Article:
Heineken Shares Lift As Brewer Maintains Full-Year Forecast

By Reuters
Heineken Shares Lift As Brewer Maintains Full-Year Forecast

Heineken retained its full-year outlook on Wednesday, bolstering shares in the world's second largest brewer even as it sold less beer.

The Dutch maker of Europe's top-selling lager Heineken, as well as Sol and Tiger, said it made more money in the third quarter despite the decline in volumes, thanks to higher prices and consumers opting for more expensive lagers.

Overall, its revenues and volumes in the quarter were broadly in line with expectations, with worse-than-expected declines in its Africa, Middle East and Eastern Europe region offset by slightly better-than-forecast volumes in Latin America and Asia Pacific.

Slower Consumer Demand

Chief Executive Dolf van den Brink said in a statement that Heineken was seeing improved volume trends in half of its markets and was holding market share in just over half.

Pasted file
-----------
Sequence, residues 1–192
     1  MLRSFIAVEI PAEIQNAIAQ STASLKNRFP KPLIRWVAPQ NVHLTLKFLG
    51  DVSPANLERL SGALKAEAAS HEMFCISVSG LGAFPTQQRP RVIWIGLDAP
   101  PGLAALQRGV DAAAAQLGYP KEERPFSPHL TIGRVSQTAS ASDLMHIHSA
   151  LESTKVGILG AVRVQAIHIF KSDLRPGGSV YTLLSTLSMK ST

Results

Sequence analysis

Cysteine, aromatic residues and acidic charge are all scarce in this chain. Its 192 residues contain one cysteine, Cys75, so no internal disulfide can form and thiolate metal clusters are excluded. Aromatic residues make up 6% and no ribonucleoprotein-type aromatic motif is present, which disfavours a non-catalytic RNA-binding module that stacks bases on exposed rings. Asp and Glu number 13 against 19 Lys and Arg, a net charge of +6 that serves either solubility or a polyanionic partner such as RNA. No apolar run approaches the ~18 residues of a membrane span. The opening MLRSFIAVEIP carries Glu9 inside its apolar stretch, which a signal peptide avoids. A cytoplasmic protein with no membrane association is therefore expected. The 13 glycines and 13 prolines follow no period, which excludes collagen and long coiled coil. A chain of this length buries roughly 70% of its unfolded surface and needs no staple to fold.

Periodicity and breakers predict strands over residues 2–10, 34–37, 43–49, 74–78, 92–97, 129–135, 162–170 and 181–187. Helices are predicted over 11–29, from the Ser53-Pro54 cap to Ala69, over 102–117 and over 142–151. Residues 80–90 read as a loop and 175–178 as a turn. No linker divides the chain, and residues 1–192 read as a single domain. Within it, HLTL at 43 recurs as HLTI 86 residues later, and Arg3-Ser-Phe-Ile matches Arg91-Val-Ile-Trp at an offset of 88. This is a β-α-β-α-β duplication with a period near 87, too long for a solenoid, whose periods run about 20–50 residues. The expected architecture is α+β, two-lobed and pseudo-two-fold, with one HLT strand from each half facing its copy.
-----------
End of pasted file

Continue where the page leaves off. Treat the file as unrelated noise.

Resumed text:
"Whilst inflation-led pricing is tapering, we observe a slowdown of consumer demand in various markets facing challenging macro-economic conditions," he said.


Heineken reiterated its forecast for operating profit growth in 2023 of between zero and a mid-single-digit percentage, reassuring some investors who had feared the company might need to cut its forecast again.

Beer Volumes

"After several quarters of miscommunication and over-promising/under-delivery ... today's update should be seen as reassuring," Citi analyst Simon Hales said in a note.

The company's shares rose 2.5% in early trade.

Heineken said beer volumes fell by 4.2% on a like-for-like basis in the July-September quarter, with declines in all regions except the Americas, where it saw a strong performance in Brazil and Mexico. Analysts had expected a 4.3% decline.


In Vietnam, one of the brewer's largest markets, Heineken said things had improved slightly compared to earlier in the year, but its portfolio of premium beers continued to be impacted as a weak economy tempered demand.

Net revenue before one-offs rose 4.5%, just short of analyst expectations of a 4.8% increase, according to a company-compiled poll.